What is a Facet Joint?
The z-joints also called the facet joints are located in the back of the spine and prevent excessive twisting of the spine in the low back, and excessive extension in the neck.
Why is a Medial Branch Block (MBB) Diagnostic Injection Offered?
Damage to the joints can occur due to trauma (automobile accidents, falls), arthritis, infection, reduced disc height, or in the low back: repetitive lifting of heavy objects for many years. Usually the facet joints in the low back carry about 15% of the weight on the spine, but in cases where the disc is very narrow, the weight load may increase to 65%. The facets can have damage to the cartilage lining, overgrowth of bone (bone spurs), fractures through the joint, tears in the thick fibrous capsule over the joints, or can have bruising or bleeding into the joints. Pain from the facets cannot be diagnosed by x-ray, CT scan, MRI, or Bone scan. The diagnosis is made by precision injection of a local anesthetic or other substance onto the medial branch nerve (nerve to the facet joints). If your pain is relieved 80% or more by this injection you may benefit from Radiofrequency Neurotomy, for longer term pain relief. If the relief is less than this amount, you may have other significant spine disease that should be addressed with other therapies.
How is a Medial Branch Block (MBB) Diagnostic Injection Performed?
A block of the facet joint involves injecting a small amount of anesthetic near the nerves that provide sensation to the facet joint. The facet joints are small joints between each spine level that may cause pain in the neck, mid back, or low back.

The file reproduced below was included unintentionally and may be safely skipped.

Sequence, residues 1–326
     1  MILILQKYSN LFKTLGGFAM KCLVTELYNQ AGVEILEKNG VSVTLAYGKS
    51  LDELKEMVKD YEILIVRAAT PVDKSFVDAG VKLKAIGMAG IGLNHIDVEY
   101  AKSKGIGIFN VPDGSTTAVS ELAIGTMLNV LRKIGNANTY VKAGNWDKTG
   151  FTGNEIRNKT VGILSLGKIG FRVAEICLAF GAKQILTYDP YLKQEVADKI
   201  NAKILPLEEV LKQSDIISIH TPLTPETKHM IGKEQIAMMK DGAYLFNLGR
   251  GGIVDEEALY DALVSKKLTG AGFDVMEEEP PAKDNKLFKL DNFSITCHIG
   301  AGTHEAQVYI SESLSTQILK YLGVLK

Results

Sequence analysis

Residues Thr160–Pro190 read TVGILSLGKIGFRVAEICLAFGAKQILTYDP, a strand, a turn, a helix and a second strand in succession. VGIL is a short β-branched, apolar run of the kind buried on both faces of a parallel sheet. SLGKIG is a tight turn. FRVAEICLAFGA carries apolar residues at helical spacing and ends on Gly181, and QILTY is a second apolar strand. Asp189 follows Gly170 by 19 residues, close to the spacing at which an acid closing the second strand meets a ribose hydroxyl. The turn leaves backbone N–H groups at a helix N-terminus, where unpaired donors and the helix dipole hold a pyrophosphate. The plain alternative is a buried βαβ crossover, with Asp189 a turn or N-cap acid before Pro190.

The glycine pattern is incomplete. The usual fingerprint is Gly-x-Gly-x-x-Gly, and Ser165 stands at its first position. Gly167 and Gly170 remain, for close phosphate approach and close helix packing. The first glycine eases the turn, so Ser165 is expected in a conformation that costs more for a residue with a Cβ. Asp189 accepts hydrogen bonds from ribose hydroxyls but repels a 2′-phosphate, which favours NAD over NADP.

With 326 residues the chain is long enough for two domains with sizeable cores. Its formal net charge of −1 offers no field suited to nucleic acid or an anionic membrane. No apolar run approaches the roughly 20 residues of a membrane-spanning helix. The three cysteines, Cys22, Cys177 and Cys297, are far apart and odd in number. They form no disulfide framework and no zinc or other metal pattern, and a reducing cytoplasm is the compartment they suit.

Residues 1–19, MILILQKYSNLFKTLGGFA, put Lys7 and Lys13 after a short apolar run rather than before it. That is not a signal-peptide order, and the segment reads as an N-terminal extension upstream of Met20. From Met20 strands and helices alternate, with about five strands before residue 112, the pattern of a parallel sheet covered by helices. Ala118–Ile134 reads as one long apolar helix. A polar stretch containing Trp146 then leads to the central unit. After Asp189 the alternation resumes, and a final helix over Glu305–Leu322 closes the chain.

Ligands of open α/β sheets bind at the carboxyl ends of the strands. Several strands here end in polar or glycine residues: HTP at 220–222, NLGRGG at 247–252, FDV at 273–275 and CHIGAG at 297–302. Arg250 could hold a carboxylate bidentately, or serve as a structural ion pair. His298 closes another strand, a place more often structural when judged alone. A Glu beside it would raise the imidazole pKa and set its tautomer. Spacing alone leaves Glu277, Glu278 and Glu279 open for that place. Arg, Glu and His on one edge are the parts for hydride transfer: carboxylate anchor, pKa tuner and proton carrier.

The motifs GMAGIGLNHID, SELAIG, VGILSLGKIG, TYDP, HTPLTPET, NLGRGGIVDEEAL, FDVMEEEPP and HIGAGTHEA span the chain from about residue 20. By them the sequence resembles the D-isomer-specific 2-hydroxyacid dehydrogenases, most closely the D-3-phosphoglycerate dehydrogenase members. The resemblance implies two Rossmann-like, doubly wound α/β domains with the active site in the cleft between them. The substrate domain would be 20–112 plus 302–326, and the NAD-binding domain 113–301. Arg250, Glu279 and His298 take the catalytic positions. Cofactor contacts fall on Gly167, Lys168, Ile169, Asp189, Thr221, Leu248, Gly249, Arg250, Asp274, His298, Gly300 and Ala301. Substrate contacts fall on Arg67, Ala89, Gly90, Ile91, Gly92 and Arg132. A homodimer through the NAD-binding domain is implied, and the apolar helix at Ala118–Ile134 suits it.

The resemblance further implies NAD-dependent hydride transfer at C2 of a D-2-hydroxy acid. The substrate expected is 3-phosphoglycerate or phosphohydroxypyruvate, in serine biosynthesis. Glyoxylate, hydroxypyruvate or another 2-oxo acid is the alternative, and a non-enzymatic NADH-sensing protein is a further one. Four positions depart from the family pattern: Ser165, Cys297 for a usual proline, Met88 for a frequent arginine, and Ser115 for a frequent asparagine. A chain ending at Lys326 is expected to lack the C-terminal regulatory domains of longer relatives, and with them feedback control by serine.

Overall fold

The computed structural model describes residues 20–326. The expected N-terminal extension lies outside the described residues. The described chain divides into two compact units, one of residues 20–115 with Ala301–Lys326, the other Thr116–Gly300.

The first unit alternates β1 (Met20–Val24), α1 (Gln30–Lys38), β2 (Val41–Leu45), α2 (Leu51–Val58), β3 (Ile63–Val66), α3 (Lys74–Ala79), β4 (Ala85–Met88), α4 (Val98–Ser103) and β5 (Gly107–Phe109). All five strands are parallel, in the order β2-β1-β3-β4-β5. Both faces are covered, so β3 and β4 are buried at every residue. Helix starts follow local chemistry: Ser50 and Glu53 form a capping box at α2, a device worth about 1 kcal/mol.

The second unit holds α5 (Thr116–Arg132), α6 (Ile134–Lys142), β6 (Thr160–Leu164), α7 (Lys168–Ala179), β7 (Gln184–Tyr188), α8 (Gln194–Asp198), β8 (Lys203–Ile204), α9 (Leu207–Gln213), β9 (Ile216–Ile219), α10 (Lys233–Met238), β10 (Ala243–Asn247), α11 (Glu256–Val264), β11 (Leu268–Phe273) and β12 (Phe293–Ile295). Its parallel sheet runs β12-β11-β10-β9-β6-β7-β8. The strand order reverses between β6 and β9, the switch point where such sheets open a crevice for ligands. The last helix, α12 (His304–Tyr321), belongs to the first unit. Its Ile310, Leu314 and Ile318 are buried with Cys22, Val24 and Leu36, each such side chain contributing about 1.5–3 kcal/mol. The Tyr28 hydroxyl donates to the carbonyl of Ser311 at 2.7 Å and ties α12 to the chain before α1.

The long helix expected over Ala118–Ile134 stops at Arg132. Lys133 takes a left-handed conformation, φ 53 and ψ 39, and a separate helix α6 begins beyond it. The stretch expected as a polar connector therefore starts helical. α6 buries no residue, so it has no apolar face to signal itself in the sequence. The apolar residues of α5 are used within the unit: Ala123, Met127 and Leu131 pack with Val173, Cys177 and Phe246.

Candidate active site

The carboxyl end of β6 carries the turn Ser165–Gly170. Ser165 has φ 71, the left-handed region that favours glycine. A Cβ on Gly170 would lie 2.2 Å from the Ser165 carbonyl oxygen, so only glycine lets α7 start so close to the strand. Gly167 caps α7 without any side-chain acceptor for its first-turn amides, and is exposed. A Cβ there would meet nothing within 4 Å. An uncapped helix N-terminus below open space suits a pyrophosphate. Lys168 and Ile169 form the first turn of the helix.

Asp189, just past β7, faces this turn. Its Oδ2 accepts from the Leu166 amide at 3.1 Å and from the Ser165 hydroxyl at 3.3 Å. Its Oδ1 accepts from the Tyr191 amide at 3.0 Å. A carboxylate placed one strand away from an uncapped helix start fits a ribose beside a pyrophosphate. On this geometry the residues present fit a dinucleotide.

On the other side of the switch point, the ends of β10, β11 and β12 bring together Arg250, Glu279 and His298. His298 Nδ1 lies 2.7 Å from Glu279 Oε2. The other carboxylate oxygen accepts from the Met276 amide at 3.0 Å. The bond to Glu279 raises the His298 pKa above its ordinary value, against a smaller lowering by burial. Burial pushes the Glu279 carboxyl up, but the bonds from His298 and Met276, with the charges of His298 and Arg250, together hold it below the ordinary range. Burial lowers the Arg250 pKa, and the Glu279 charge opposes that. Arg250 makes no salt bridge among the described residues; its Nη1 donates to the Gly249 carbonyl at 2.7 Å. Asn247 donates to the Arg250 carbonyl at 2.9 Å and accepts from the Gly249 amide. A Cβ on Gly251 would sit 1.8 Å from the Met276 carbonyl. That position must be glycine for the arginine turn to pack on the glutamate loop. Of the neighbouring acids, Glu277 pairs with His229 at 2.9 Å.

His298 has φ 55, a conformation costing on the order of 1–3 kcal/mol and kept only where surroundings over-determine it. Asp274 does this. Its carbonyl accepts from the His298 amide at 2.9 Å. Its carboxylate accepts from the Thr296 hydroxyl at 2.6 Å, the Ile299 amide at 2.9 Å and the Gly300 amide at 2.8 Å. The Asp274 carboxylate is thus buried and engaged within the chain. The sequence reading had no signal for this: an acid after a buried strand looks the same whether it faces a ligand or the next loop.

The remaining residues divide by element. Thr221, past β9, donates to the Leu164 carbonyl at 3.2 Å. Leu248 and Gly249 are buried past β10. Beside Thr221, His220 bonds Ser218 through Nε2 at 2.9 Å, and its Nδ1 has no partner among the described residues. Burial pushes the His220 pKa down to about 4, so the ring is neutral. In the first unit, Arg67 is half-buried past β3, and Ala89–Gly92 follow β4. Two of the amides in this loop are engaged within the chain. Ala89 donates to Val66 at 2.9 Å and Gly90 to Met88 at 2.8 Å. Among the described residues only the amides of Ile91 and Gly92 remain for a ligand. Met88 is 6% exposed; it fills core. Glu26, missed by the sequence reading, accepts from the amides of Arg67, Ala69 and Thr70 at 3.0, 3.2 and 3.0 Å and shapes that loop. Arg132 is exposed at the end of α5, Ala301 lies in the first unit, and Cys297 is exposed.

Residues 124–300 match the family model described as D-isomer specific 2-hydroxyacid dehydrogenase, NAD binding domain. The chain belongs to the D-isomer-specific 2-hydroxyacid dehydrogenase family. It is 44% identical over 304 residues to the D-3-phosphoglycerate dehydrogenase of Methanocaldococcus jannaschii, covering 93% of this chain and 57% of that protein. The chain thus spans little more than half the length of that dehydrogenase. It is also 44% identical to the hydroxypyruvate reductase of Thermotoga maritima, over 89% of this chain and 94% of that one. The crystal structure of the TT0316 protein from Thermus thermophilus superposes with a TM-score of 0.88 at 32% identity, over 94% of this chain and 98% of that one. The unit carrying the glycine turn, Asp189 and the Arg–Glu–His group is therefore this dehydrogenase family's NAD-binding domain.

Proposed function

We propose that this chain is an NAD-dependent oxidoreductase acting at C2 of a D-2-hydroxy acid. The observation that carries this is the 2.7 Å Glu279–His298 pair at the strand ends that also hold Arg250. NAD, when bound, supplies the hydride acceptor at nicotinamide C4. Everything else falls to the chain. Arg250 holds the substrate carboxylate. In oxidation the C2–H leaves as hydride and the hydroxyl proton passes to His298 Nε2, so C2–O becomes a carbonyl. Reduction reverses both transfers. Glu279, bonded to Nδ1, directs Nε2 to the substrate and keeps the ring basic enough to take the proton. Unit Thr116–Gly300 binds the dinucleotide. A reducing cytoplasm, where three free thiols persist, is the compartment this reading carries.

A medial branch block involves the x-ray guided injection of a medication onto the nerve to the z-joint. You will be placed face down on a soft table for the low back medial branch block and face down or on your side for the neck (cervical) medial branch blocks. After skin preparation, a small amount of local anesthesia is injected into the skin. IV sedation is usually not given as this is a diagnostic test whose outcome depends on your ability to perceive pain relief. A thin needle is guided onto the medial branch nerve and a small amount of iodinated x-ray dye is injected to assure proper placement, then a medication will be injected and the needle is removed. Usually 2-3 injections are required at the time of the procedure. After the injection, you will have your pain and function briefly assessed, then you will go home where you will continue to assess the outcome of the block over the next several hours. The time period for which relief is perceived and the degree of relief (pain scale or other) is important information that is used to direct further therapy.
Does the Injection Hurt?
Usually the actual injections do not hurt significantly because only a thin needle is used and is not inserted into the joint.
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